Bligh’s daughter bursts to life
Governor Bligh and the Short Man: A Novella
By Peter Cochrane Penguin eBooks, $3.99
HISTORY has been unkind to William Bligh, though perhaps not unfair. Defined largely by the events of 1789 as ‘‘ that Bounty bastard’’, his accomplishments as surveyor and naval commander tend to be overshadowed by the legacy of his hot temper and foul tongue.
If one mutiny were not enough, the debacle of the Bounty was followed by his involvement in mutinies at Spithead and Nore before his ill-fated appointment as governor of NSW in 1805, which ended with Australia’s only military coup.
While not solely to blame for the unpopularity of his actions, Bligh was cursed with a thin-skinned vanity and was quick to berate fools with his magnificently bad language. It’s his bizarre, acrimonious relationship with one such fool that provides the focus of Peter Cochrane’s engaging imaginative intervention into a little-known footnote to Australia’s history.
Captain Joseph Short, a querulous man in his own right, was given command of the convoy of six ships carrying the newly appointed governor to NSW. His instructions from Admiralty put him in command of the convoy, although he was to put himself under Bligh’s authority once they reached NSW.
Bligh saw things differently. As governor of the colony and commander-in-chief of all British naval vessels on his station, Bligh believed he had supreme command over the convoy and over the intolerable Short.
Neither man was prepared to concede. The 71/ month voyage from Portsmouth to Sydney Cove descended into a farcical display of self-destructive one-upmanship and petty recrimination, with allegations and counterallegations reported back to authorities by both parties.
The personalities are more interesting than the protocols, and Cochrane takes advantage of the closed and claustrophobic world of the voyage for full dramatic effect. A widely published historian, he takes the liberty of presenting the novella in the form of a primary source and creates one of the most marvellously aggrieved and vindictive characters you are likely to encounter in history or fiction.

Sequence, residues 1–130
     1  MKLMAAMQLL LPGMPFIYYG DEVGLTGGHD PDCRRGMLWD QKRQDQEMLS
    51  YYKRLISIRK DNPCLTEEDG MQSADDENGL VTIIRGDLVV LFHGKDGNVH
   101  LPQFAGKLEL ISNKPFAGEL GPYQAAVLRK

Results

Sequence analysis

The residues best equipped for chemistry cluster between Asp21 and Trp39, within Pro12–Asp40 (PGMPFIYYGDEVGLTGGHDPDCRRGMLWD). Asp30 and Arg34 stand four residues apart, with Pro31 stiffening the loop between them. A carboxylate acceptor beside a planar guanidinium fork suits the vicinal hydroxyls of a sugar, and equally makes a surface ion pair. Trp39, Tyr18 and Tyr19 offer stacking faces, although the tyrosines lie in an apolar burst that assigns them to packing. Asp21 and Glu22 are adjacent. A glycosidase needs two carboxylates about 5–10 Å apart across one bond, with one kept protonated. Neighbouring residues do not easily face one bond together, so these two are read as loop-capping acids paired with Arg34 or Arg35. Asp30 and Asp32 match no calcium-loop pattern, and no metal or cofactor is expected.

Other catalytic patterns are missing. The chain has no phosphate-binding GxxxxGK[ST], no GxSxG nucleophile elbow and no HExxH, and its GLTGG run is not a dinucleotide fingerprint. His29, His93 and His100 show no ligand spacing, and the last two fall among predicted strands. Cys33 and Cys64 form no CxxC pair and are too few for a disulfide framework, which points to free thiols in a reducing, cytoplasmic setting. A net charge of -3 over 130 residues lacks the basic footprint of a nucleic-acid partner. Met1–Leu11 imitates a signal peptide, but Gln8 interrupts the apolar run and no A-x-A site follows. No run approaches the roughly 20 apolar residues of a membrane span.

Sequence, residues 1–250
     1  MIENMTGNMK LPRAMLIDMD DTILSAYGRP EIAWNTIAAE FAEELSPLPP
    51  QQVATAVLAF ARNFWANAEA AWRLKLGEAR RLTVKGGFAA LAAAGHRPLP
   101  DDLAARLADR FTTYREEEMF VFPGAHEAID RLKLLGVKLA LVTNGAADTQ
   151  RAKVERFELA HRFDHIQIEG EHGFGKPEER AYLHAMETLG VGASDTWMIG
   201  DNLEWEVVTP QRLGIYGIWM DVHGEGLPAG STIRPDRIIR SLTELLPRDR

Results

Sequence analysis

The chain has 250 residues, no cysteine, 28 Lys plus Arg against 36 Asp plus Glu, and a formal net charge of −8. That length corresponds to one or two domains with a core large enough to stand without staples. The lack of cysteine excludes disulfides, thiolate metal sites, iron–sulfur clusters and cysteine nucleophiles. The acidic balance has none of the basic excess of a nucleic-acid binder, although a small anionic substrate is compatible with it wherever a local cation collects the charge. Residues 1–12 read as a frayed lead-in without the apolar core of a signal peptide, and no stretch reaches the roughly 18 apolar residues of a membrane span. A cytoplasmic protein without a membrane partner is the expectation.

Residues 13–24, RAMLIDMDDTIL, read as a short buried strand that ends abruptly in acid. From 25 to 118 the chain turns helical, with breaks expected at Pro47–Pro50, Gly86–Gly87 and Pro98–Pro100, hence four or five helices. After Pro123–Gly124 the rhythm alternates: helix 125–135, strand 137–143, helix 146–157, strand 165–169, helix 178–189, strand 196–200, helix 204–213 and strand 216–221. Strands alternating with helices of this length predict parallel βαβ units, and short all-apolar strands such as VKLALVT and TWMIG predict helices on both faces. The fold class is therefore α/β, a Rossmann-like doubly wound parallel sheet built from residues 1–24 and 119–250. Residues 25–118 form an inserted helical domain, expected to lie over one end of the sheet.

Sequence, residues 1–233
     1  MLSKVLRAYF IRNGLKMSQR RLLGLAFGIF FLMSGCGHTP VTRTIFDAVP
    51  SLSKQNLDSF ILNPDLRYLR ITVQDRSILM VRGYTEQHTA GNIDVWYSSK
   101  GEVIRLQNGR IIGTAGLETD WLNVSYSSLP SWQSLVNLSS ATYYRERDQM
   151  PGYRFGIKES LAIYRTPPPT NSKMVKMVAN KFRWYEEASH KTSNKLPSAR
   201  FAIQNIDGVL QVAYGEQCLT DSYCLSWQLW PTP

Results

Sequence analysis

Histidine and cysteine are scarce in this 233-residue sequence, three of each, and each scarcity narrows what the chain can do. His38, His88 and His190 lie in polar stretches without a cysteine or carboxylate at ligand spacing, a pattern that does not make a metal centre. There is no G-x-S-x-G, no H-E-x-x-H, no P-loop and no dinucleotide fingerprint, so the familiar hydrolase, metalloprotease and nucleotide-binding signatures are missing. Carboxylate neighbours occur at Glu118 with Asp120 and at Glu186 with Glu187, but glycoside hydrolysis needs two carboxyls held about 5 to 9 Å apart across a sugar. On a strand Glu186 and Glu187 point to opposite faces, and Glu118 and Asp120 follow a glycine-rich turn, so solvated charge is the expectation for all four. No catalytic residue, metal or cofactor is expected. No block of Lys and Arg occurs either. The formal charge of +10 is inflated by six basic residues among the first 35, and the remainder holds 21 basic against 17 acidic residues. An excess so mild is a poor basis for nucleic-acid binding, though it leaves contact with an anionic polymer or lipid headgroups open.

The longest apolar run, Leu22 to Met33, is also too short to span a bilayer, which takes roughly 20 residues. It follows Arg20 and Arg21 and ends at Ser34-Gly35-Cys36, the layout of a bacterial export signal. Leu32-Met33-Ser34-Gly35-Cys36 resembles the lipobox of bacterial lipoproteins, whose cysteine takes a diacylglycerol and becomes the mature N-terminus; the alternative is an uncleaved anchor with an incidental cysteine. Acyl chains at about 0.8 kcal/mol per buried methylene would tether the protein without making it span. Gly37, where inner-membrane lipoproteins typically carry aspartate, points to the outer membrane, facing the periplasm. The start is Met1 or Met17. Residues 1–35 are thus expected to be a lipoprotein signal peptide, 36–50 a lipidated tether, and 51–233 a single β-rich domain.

The emotional stakes of the voyage were heightened by both Bligh and Short being accompanied by family. Short travelled with his heavily pregnant wife and seven children, Bligh with his eldest daughter, Mary, the wife of his lieutenant, John Putland.
Cochrane recounts the journey through the jaundiced, vitriolic pen of Mary, who keeps a journal addressed to her sister sealed in a pickling jar. In truth, the only surviving record of the journey in Mary’s hand was a single letter addressed to her mother and sisters while at sea, but Cochrane’s deft imaginative entry into her consciousness reveals as much about his research as his skills as a writer.
Mary records the ‘‘ unvarnished truth’’ of the vile vendetta waged against her beloved Papa and husband by the scheming, vulgar little man who lacks even the foresight to recognise that he is nothing but a low-bred vassal of the vice-regal personage, her father. She endures the misery and privations of sea travel: the mal de mer, her fear of drowning, the wretched, claustrophobic conditions of life aboard ship, all exacerbated by separation anxiety for her beloved Putland, who is removed to Short’s ship to be victimised as a surrogate for the absent Bligh.
Bligh’s renowned hubris and bull-headed determination are matched by his daughter’s selfimportant indignation and desire for vengeance. Between them, they write up no fewer than nine separate charges to be brought against Short for his courtmartial, ranging from appropriating rope to drunkenness and disobedience. Each is duplicated in Mary’s careful hand for safekeeping and the vindication of her ever ‘‘ constant, kind and sober Papa’’.
Despite the measured gentility of Mary’s prose, practically every line of her compellingly unreliable account is loaded with indignation and resentment. She metaphorically stamps her feet at the injustice of it all, barely restraining her anger and, at one point, revealing herself as truly her father’s daughter by letting the word ‘‘ bugger’’ spill from her pen.
There is an absurd sort of humour about the narration as the stand-off between the two men escalates and their actions border on the ludicrous. Bligh claims omnipotence by being present in two places at the one time; Short places himself under arrest as a show of defiance; there is a ridiculous tit-for-tat over the fate of a favourite little pig that might grace somebody’s table. Beneath the humour, though, runs the pathos of a devoted daughter witnessing the unravelling of a beloved father.
Penguin is publishing the novella as an eBook after its shortlisting in the Griffith Review Novella Project last year. I hope there’s truth to reports Cochrane is also working on a longer story about Bligh and his daughter.
Portrait of Mary Putland (nee Bligh)